Reflecting upon these past weeks in Geneva, I can genuinely say that this experience has been enlightening. My eyes have been opened to both the political structure and bureaucracy of the World Health Assembly. I have learned that decision making from an international standpoint is a slow and tedious process. Diplomacy is vital as delegates from across the globe must come together to communicate their perspective and point of view effectively. While positions on various topics may differ, member states must be open to understanding the perspective of others in order to make progress on a global scale.
Power relations may be unequal outside of the assembly, creating opportunities for countries to become tactful in developing strategies to form alliances that can push for policy. Whether during coffee breaks at the Serpentine Lounge or in side events at the Intercontinental Hotel, people are constantly in conversation about issues that matter. During these interactions people come together to network and form alliances. Perceptions change and friendships form.
From my observations of these interactions –both formal during committee meetings and informal during side events—I have taken away many topics of discussion. Most importantly, I have recognized the value of cultural awareness and disease surveillance.
Cultural awareness is a theme that was discussed throughout the assembly. For example, it was emphasized that having access to cultural knowledge is critical in order to communicate and facilitate change globally. This was illustrated with the Ebola outbreak. Due to cultural and religious practices, Ebola spread rapidly becoming more difficult to control. The handling of the deceased in some of the impacted African regions led to the exchange of bodily fluids catalyzing the spread of disease amongst human vectors. Questioning the cultural norms of these burial practices contributed to the native populations’ distrust of public health officials. Ultimately, community leaders and those who understood the culture well had to be used to educate and inform the public about safe practices to prevent the further spread of disease.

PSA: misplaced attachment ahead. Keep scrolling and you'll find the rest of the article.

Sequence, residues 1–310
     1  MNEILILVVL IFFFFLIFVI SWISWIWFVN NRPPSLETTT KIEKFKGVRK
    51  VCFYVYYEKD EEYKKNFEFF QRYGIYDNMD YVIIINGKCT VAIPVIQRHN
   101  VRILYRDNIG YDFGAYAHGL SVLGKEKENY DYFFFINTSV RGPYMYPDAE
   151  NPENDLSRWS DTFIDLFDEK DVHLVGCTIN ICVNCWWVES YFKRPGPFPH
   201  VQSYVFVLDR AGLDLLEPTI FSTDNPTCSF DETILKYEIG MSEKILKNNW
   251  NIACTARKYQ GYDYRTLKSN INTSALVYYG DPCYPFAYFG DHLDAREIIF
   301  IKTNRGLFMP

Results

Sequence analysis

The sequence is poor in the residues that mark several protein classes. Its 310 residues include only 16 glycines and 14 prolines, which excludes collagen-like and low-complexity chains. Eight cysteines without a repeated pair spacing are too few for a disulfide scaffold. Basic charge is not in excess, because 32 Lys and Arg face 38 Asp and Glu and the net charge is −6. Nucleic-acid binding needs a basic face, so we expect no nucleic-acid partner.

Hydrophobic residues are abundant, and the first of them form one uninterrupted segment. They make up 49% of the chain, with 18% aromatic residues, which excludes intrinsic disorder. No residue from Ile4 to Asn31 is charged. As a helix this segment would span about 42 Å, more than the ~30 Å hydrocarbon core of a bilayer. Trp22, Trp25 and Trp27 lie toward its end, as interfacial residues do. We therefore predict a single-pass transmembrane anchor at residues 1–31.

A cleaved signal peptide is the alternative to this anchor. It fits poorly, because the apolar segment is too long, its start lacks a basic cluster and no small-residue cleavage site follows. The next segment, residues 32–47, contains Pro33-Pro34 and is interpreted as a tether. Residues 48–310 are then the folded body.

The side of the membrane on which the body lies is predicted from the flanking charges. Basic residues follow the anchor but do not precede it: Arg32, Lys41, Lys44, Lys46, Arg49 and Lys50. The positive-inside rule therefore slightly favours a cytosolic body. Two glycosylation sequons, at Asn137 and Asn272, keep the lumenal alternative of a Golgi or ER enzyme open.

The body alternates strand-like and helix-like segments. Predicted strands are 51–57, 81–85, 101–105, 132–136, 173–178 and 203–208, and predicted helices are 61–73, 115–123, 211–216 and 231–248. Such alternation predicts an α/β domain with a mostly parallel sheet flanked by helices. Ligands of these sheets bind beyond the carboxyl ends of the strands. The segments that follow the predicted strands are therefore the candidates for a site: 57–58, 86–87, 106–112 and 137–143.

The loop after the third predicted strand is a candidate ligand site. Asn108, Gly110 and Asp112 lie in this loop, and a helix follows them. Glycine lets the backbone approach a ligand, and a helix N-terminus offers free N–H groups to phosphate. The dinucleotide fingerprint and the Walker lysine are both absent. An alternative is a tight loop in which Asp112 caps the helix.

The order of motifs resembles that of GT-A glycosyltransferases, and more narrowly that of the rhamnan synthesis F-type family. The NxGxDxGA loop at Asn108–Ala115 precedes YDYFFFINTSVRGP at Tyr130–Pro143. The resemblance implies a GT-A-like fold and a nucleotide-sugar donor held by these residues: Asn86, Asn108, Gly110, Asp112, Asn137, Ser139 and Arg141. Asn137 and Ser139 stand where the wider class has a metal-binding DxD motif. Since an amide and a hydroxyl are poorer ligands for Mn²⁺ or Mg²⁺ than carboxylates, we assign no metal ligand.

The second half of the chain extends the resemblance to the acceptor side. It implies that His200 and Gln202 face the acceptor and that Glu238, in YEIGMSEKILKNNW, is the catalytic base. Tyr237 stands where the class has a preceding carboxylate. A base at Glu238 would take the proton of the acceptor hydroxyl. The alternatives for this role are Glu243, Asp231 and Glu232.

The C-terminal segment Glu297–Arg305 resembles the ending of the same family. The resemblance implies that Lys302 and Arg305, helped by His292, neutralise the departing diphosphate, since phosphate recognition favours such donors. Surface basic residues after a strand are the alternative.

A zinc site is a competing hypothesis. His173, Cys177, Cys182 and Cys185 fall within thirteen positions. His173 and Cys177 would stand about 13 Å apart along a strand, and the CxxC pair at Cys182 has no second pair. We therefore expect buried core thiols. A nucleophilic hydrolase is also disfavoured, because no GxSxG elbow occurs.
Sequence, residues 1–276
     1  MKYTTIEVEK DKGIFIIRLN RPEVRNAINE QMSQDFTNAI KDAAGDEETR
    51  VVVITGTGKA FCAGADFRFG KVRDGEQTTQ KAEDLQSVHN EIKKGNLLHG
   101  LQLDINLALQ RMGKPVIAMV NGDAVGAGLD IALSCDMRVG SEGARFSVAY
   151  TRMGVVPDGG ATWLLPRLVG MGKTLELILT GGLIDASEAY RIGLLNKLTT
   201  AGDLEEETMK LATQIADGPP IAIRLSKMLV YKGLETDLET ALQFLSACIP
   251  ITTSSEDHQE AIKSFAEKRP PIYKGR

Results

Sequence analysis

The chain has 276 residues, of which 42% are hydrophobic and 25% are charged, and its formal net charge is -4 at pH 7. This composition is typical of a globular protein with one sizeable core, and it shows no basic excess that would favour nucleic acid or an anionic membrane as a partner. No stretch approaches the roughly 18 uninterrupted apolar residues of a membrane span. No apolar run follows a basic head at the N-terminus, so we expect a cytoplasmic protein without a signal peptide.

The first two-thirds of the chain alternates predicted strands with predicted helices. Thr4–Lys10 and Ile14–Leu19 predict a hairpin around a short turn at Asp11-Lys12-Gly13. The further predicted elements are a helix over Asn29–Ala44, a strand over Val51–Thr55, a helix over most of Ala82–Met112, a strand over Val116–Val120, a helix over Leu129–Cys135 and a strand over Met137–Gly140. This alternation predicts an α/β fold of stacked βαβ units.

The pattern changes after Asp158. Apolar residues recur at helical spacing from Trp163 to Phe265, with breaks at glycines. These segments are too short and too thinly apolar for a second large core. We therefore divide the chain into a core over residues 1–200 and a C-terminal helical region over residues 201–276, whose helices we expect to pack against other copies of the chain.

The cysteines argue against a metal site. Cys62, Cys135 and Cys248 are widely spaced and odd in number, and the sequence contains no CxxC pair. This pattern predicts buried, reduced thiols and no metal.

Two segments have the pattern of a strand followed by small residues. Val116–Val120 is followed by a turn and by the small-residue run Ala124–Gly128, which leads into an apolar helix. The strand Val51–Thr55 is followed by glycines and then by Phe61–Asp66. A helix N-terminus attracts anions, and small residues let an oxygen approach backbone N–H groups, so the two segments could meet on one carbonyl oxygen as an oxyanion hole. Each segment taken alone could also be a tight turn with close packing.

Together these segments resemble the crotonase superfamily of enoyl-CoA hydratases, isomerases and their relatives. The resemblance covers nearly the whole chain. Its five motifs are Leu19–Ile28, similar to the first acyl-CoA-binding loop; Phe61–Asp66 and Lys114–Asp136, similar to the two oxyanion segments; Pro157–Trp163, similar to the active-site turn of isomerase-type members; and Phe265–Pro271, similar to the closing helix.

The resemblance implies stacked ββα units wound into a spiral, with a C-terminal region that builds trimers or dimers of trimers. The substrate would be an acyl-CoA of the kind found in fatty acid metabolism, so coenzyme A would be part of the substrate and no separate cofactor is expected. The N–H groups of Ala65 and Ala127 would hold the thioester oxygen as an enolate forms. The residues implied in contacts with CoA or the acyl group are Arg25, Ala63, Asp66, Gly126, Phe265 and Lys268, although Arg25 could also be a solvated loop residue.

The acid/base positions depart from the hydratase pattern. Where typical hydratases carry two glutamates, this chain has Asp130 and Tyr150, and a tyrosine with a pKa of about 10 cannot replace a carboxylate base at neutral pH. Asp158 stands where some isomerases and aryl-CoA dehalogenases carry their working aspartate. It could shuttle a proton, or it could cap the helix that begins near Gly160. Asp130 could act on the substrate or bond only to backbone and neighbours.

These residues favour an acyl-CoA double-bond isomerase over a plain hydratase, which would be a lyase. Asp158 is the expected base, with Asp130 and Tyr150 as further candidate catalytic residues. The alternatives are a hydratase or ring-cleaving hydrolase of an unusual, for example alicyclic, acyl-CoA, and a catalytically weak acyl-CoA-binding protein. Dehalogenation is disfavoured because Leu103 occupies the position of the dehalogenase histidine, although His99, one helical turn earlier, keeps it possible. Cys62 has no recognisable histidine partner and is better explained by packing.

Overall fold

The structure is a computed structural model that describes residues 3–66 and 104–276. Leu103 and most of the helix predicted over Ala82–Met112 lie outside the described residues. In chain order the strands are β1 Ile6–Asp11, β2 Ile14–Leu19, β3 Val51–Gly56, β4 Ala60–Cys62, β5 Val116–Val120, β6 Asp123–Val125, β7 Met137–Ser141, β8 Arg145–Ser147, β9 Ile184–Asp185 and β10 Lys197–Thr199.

Furthermore, the importance of understanding cultural norms was emphasized in side meetings as well. For instance, we met with the retired ambassador John Lange who worked in Botswana on HIV/AIDs during the 1990’s. He discussed how in Botswana, individuals did not want to get tested for HIV because of fear that they would lose sleep over discovering that they were HIV positive. At the time, HIV affected approximately 30% of the population. While common, it was still culturally stigmatized and therefore, difficult to get people to be tested. People viewed this disease as either a death sentence or something that prevented someone from working and supporting their families. Over time these views changed, but progress was slow as it was necessary to truly understand why people would not get tested as well as any cultural or social barriers to doing so. Thus, when trying to create behavior change it is important to understand perceptions and views from the population of interest.
Therefore, it may be useful to live in the country of interest for an extended period of time or to consult a cultural anthropologist.
Another theme that was emphasized over these past weeks was that of surveillance. It was repeatedly stated that disease knows no boundaries. This is exacerbated by the fact that globalization and modern technology have contributed to the increasing movement of people across borders. We live in an interconnected world with a rising exchange of goods and services. The outcome is potentially hazardous, as with travel comes disease. It is impossible to stop this movement absolutely as no one power or country can account for every single potential vector in exchange.
Therefore, surveillance is crucial, along with the global sharing of information worldwide. Countries must work together in assessing and tracking the landscape during current outbreaks as well as for potential epidemics in the future. Data should be collected frequently and then shared for the well being of populations overall. The problem then arises in moving from theory to action. A global system of efficient and effective disease surveillance and information sharing is no easy feat and requires complex and coordinated efforts. There will be many challenges and work to be done now and in the future. However, raising awareness to the next generation of policy members and public health officials may be the first step forward in creating positive change. #WHA68